578    \eP{\fIxx\fP}   a character without the \fIxx\fP property    \eP{\fIxx\fP}   a character without the \fIxx\fP property
579    \eX       an extended Unicode sequence    \eX       a Unicode extended grapheme cluster
580  .sp  .sp
581  The property names represented by \fIxx\fP above are limited to the Unicode  The property names represented by \fIxx\fP above are limited to the Unicode
582  script names, the general category properties, "Any", which matches any  script names, the general category properties, "Any", which matches any
# Line 777  Unicode table. Line 786  Unicode table.
786  Specifying caseless matching does not affect these escape sequences. For  Specifying caseless matching does not affect these escape sequences. For
787  example, \ep{Lu} always matches only upper case letters.  example, \ep{Lu} always matches only upper case letters.
788  .P  .P
789  The \eX escape matches any number of Unicode characters that form an extended  Matching characters by Unicode property is not fast, because PCRE has to do a
790  Unicode sequence. \eX is equivalent to  multistage table lookup in order to find a character's property. That is why
791  .sp  the traditional escape sequences such as \ed and \ew do not use Unicode
792    (?>\ePM\epM*)  properties in PCRE by default, though you can make them do so by setting the
793    PCRE_UCP option or by starting the pattern with (*UCP).
794    .
795    .
796    .SS Extended grapheme clusters
797    .rs
798  .sp  .sp
799  That is, it matches a character without the "mark" property, followed by zero  The \eX escape matches any number of Unicode characters that form an "extended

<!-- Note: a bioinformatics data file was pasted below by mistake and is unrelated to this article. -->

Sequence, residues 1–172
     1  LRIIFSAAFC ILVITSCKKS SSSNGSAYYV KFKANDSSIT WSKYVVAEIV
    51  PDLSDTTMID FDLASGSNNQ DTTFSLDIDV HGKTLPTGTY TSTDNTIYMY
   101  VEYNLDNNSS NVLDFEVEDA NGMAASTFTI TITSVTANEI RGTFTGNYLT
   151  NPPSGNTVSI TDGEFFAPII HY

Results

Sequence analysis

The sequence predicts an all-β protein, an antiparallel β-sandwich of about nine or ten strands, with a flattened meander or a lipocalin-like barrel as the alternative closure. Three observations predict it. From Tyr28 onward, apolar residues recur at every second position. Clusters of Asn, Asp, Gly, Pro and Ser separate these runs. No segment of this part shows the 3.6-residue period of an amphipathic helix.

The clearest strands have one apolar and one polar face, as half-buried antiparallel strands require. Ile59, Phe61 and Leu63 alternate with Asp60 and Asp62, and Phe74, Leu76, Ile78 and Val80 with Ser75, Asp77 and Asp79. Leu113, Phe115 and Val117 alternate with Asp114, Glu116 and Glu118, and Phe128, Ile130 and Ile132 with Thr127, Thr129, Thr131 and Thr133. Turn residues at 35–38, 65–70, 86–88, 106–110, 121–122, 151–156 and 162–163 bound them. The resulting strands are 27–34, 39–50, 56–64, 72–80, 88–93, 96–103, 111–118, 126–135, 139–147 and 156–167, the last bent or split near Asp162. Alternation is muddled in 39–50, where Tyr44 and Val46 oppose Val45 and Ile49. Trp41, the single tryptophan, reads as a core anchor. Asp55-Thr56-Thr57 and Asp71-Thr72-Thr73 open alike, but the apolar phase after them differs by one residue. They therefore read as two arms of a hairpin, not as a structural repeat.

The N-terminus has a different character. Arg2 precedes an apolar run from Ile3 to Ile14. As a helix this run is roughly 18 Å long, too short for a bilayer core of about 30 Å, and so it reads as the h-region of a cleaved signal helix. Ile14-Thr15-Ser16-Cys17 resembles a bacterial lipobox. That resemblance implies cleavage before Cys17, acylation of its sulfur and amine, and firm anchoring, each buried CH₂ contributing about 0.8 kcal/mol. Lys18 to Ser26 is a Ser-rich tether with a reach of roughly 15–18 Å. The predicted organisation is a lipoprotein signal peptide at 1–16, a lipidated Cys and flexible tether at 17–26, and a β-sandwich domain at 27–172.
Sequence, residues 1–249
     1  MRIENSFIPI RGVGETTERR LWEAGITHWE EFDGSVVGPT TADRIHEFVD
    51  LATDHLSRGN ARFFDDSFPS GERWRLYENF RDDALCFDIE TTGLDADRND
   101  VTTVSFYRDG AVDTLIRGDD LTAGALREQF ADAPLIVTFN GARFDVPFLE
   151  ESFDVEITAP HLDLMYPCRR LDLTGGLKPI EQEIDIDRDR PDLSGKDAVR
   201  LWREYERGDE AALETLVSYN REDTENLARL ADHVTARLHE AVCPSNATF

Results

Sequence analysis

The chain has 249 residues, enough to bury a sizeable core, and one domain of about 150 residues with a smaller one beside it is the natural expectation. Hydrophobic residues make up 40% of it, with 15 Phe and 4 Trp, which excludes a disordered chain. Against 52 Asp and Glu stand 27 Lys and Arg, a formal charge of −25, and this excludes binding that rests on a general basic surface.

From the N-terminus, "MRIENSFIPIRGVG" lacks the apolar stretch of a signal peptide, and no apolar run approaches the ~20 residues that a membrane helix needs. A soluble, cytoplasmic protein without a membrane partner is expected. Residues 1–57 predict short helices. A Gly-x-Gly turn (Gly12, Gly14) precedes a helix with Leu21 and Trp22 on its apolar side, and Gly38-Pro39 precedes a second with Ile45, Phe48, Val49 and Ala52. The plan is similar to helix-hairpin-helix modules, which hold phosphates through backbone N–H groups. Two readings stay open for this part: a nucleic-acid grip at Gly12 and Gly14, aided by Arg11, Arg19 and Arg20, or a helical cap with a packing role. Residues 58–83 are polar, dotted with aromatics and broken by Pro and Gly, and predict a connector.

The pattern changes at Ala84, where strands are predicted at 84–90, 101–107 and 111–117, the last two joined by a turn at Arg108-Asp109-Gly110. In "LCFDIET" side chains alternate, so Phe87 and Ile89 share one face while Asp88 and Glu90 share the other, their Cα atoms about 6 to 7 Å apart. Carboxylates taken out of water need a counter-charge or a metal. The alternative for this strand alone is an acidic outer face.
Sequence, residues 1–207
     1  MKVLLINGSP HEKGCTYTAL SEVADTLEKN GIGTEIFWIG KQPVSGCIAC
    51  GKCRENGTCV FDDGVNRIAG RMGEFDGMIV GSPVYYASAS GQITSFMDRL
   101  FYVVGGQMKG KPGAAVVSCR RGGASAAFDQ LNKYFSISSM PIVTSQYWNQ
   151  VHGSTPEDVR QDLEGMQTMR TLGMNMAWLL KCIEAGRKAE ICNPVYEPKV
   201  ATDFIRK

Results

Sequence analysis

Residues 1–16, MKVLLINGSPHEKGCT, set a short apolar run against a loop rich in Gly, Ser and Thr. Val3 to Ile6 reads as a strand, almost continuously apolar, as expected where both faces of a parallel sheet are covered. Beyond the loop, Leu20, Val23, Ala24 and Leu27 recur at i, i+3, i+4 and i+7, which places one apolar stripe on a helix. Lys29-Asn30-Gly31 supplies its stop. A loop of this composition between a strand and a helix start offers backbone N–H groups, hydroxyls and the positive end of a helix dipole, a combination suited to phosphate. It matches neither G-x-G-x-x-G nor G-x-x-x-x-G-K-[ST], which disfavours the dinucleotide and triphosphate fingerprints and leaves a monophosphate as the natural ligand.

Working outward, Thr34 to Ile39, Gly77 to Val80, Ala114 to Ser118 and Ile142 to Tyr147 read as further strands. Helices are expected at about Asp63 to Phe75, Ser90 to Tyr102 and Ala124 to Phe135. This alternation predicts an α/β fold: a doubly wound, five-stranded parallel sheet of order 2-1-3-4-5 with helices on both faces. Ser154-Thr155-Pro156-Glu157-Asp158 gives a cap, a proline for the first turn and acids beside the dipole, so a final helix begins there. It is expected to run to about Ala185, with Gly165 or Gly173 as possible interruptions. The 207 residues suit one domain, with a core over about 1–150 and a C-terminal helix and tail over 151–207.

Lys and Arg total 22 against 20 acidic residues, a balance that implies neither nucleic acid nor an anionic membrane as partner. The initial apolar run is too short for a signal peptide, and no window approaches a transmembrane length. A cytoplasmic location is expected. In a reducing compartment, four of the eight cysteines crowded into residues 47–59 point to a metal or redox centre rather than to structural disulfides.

800  or more characters with the "mark" property, and treats the sequence as an  grapheme cluster", and treats the sequence as an atomic group
 atomic group  
801  .\" HTML <a href="#atomicgroup">  .\" HTML <a href="#atomicgroup">
802  .\" </a>  .\" </a>
803  (see below).  (see below).
804  .\"  .\"
805  Characters with the "mark" property are typically accents that affect the  Up to and including release 8.31, PCRE matched an earlier, simpler definition
806  preceding character. None of them have codepoints less than 256, so in  that was equivalent to
807  8-bit non-UTF-8 mode \eX matches any one character.  .sp
808  .P    (?>\ePM\epM*)
809  Note that recent versions of Perl have changed \eX to match what Unicode calls  .sp
810  an "extended grapheme cluster", which has a more complicated definition.  That is, it matched a character without the "mark" property, followed by zero
811  .P  or more characters with the "mark" property. Characters with the "mark"
812  Matching characters by Unicode property is not fast, because PCRE has to search  property are typically non-spacing accents that affect the preceding character.